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Arthritis Care Res (Hoboken). 2015 Aug;67(8):1112-8. doi: 10.1002/acr.22578.

Effect of a Realigning Brace on Tibiofemoral Contact Stress.

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University of Kansas, Kansas City.
University of Iowa, Iowa City.



To determine the degree to which focally elevated tibiofemoral joint contact stress is reduced by using a frontal plane realigning brace.


Fifteen volunteers (9 women) with unicompartmental tibiofemoral osteoarthritis underwent weight-bearing radiographic imaging at 15-20° and 5-10° of knee flexion with and without an UnloaderOne knee brace. Discrete element analysis was used to estimate compartment-specific contact stress distributions. Paired t-tests were used to assess the differences in mean contact stress and contact stress distributions, comparing the braced and unbraced conditions.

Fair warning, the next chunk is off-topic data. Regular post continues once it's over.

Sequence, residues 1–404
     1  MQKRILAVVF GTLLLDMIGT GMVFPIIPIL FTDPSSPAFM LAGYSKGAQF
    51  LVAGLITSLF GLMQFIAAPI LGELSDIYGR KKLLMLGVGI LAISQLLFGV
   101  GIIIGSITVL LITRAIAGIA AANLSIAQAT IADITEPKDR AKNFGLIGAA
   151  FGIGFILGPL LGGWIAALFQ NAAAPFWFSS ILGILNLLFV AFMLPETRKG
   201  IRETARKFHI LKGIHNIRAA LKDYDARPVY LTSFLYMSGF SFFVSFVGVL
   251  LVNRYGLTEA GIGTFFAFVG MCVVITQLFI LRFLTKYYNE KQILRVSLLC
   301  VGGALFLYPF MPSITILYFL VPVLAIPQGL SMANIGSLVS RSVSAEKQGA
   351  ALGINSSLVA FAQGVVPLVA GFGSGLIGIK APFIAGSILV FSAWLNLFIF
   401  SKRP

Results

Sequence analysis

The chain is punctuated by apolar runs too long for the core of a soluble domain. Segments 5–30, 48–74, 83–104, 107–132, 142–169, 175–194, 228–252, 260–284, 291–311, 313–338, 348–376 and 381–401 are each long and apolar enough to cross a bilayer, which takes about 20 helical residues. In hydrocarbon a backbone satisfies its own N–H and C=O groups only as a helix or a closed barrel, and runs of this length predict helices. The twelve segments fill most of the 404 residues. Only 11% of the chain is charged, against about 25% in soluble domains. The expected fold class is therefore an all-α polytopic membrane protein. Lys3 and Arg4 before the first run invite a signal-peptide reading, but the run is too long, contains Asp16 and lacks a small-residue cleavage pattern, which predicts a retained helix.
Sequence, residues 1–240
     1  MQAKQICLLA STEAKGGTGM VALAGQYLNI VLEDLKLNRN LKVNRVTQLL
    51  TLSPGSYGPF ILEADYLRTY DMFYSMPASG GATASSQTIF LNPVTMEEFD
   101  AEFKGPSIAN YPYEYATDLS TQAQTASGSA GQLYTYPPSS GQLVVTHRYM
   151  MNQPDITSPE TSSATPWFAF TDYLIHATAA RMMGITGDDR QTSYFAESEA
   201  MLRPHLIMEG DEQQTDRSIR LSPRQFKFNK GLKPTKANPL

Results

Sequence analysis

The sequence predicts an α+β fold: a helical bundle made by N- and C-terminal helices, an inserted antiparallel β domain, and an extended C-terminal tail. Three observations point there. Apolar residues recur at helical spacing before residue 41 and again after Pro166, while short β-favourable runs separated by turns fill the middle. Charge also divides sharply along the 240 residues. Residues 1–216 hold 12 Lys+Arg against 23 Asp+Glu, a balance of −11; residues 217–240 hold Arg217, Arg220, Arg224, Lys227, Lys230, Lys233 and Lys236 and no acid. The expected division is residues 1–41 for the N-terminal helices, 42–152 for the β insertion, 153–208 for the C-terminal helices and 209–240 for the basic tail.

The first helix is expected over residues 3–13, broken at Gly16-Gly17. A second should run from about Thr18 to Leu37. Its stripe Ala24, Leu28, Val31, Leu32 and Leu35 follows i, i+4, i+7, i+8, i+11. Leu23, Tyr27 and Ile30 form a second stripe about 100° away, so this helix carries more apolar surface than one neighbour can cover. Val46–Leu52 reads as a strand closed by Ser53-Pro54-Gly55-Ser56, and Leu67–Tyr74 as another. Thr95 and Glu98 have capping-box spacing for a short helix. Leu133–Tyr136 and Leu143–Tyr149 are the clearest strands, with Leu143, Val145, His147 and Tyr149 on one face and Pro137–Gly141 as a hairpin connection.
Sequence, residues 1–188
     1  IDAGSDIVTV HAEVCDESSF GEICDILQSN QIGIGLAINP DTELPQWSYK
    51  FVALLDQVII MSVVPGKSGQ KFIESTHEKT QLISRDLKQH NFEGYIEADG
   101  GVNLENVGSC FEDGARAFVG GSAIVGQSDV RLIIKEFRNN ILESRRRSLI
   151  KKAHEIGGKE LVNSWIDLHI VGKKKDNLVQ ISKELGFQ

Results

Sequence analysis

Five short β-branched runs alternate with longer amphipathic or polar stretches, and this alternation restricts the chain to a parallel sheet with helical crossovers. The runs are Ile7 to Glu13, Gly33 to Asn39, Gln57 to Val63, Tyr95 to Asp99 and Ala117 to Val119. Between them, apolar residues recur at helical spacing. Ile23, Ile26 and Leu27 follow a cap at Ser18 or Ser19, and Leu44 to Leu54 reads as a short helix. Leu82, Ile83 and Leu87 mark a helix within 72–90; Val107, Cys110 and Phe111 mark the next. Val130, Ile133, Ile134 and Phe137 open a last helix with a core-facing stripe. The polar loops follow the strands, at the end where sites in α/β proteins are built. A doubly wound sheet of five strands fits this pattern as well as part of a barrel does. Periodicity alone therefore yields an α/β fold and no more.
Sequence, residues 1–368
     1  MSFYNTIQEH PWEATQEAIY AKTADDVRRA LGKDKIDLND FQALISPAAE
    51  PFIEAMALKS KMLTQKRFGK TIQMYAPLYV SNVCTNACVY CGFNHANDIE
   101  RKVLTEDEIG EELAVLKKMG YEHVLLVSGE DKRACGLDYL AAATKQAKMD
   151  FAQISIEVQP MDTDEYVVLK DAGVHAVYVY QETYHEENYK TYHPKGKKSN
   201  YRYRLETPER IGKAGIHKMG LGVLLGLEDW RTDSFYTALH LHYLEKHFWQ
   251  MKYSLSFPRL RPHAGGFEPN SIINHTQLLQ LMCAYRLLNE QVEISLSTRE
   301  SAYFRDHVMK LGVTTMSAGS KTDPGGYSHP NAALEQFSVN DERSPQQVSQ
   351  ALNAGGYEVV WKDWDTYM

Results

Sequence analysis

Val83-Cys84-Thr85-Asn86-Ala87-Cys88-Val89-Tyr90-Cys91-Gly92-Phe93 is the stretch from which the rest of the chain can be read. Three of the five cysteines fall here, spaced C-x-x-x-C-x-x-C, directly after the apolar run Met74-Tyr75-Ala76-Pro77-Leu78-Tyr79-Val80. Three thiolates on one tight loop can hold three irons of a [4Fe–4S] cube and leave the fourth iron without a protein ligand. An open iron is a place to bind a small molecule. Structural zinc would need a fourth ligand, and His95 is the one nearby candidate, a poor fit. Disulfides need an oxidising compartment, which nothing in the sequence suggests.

The mean ± SD age was 56.1 ± 6.4 years and body mass index was 28.4 ± 4.5 kg/m(2). Twelve of 15 participants were fit with braces set to unload the medial compartment. For the 15-20° condition, the mean contact stress in the compartment of interest did not significantly change (0.08 ± 0.35 MPa; P = 0.410). Also at 5-10° flexion, the mean contact stress in the compartment of interest did not significantly change with use of the brace (0.24 ± 0.45 MPa; P = 0.175).


This is the first study of the effects of a frontal plane realignment brace on in vivo articular contact stress in native human knees. Using the off-the-shelf brace tested, there were no changes in compartmental tibiofemoral contact stress distributions at either 15-20° or 5-10° of knee flexion, revealing no redistribution of contact stress away from the compartment of interest. These findings indicate that the brace that was studied was ineffective for redistributing tibiofemoral contact stress. Further research is necessary to determine whether double-upright or customized frontal plane braces are effective in redistributing compartmental articular contact stress.

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